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Archive for Wednesday, February 7, 2007

Food on the fly

Ready-to-cook dinners offer families convenience, more time to relax

February 7, 2007

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Sometimes, after a long day spent taking care of her three children, Susie Wilson likes to know there's a home-cooked meal just waiting for her in the freezer.

Wilson has jumped on a nationwide craze that's finding its way to Lawrence: meal assembly services, which help clients prepare ready-to-cook dinners.

"It's the convenience of having a meal already put together," says Wilson, who has bought food from two different services. "There's not a whole lot of thinking what you have to get at the store."

One meal-assembly business, Blue Plate Dinners, recently opened at 4931 W. Sixth St., in the former Westside Deli location. Another, a franchise of the regional company Social Suppers, is scheduled to open in March at 3514 Clinton Parkway, which formerly housed Mr. Gatti's.

The businesses basically work the same way. Clients sign up to attend sessions at which they assemble meals into packaging that can be frozen. Most of the ingredients already are prepared, meaning onions are chopped or hamburger already is browned.

At Blue Plate Dinners, the 12- meal package costs $199, and the eight-meal package costs $149. Each meal serves four to six people. Social Suppers' meals are similarly priced.

Rachel Wydeven Oliverius, who co-owns Blue Plate Dinners with Lori Johns, says with a high percentage of Lawrence residents commuting, she thinks the concept will work well here.

"We've had all kinds of populations," Wydeven Oliverius says. "The concept is really great for people who love to cook, but they're trepidatious about it. It opens their palate to tastes they might not usually try."

Two of the most popular meals so far have been Italian chicken breasts and Cuban picadillo.

Preparing meals at a recent gathering at Blue Plate Dinners from left are Lawrence residents Nancy Sullivan, Tracy Ford Stacey, Sandra Lawrence and Erica Wheat.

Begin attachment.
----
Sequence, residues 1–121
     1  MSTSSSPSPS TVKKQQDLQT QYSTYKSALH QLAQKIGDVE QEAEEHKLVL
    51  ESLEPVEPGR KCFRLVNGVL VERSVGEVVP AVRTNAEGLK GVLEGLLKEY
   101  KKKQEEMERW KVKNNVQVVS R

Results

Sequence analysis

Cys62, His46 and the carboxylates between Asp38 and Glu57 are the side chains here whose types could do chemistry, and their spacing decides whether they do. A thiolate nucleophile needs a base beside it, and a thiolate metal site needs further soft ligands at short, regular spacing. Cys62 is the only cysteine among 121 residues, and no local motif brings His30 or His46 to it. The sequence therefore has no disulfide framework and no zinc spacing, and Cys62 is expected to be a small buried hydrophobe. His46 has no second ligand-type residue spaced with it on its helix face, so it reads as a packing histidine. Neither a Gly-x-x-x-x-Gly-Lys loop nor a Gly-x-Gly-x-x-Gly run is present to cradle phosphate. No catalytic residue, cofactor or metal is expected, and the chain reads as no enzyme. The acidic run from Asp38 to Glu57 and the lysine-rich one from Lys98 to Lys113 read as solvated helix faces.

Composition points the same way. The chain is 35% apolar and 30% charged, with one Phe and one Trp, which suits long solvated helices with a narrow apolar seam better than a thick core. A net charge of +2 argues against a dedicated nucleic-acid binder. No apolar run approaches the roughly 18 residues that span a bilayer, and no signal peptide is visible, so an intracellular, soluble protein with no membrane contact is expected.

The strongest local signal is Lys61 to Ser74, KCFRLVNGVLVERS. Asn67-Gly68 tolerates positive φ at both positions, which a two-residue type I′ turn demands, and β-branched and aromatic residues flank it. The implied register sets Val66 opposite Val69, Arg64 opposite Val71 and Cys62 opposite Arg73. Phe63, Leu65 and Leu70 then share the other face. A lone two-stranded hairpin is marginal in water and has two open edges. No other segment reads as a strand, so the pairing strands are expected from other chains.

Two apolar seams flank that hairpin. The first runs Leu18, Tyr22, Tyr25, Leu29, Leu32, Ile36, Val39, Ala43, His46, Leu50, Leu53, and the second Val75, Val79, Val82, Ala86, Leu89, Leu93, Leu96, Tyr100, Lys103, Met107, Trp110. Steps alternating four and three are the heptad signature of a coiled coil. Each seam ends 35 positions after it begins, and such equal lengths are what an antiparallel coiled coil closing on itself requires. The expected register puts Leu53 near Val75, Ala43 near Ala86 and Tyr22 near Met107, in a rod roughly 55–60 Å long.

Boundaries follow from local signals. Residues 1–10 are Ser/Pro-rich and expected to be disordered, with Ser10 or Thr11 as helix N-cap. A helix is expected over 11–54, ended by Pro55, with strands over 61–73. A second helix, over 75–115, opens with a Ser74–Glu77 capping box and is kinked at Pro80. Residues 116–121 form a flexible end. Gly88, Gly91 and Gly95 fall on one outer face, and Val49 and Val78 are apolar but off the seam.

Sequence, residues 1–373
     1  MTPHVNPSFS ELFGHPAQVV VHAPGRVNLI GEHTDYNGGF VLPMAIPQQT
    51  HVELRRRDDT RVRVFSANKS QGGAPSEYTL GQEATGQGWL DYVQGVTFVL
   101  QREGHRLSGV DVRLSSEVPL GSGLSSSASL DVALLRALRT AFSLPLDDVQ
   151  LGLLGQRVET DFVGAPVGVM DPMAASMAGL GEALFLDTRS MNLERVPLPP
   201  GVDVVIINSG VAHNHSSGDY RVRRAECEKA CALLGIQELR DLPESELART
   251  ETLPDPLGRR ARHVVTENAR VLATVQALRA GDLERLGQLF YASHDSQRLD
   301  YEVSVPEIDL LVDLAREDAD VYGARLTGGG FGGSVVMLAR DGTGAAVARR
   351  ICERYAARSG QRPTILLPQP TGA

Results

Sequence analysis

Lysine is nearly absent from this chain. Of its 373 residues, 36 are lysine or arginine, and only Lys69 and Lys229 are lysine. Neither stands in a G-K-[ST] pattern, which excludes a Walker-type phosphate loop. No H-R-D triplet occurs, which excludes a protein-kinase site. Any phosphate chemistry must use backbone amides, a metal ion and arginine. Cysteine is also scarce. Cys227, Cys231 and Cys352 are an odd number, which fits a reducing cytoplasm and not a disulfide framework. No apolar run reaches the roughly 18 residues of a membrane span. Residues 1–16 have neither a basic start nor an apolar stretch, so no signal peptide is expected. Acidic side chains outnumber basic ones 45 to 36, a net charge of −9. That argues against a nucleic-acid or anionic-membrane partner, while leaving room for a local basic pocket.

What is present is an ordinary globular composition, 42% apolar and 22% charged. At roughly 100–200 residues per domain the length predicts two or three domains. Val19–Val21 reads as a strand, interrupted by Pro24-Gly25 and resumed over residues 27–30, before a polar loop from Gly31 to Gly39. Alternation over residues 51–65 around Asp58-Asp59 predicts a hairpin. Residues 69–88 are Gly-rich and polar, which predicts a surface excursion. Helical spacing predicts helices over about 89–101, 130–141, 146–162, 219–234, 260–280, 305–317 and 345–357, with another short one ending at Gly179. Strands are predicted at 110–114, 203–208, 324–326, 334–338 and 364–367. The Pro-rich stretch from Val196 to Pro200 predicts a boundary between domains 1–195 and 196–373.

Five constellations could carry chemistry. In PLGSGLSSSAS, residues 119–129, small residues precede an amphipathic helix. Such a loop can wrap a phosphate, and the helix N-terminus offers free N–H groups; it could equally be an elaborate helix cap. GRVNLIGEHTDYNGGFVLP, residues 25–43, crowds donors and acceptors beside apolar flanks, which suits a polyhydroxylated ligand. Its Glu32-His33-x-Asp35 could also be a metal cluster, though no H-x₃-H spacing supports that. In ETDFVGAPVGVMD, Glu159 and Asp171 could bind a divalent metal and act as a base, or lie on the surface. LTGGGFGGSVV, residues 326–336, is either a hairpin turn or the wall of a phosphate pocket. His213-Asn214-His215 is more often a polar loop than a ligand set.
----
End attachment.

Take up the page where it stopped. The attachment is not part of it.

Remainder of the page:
Preparing meals at a recent gathering at Blue Plate Dinners from left are Lawrence residents Nancy Sullivan, Tracy Ford Stacey, Sandra Lawrence and Erica Wheat.

"We try to vary the meals," Wydeven Oliverius says. "We try to balance something exotic with some meals that are more basic."

Johns adds: "It's a challenge to make family-friendly meals for the kids and make them interesting for adults."

Many customers choose to make the meal assembly a social event. Wilson, for example, went with about 10 friends who typically get together to play Bunco.

"You don't have to do any dishes," Wilson says. "You can hang out with your friends and drink a glass of wine."

Blue Plate Dinners also offers already-packaged meals for walk-ins to pick up. Social Suppers plans to offer a similar option when it opens next month, says Barclay Hagen, the store's owner.

She's pretty sure Lawrence residents will embrace the concept.

"It's huge in Johnson County - it seems like there's one on every block," she says. "Lawrence needs this - just the fact it's such a huge trend right now, and the fact Lawrence doesn't have one. I know a ton of people in Lawrence who either go to the ones in Kansas City or Topeka."

Hagen says the quality of food is just like having a home-cooked meal.

Meal Assembly businesses

"It still feels like you're cooking dinner for the whole family," she says. "It's not getting McDonald's or pizza. There's that hands-on involvement."

Time will tell if Lawrence can support two meal-assembly businesses. But Johns, of Blue Plate Dinners, says she's encouraged so far.

"We feel pretty confident about it," she says. "We've been pretty busy."

Comments

Confrontation 7 years, 2 months ago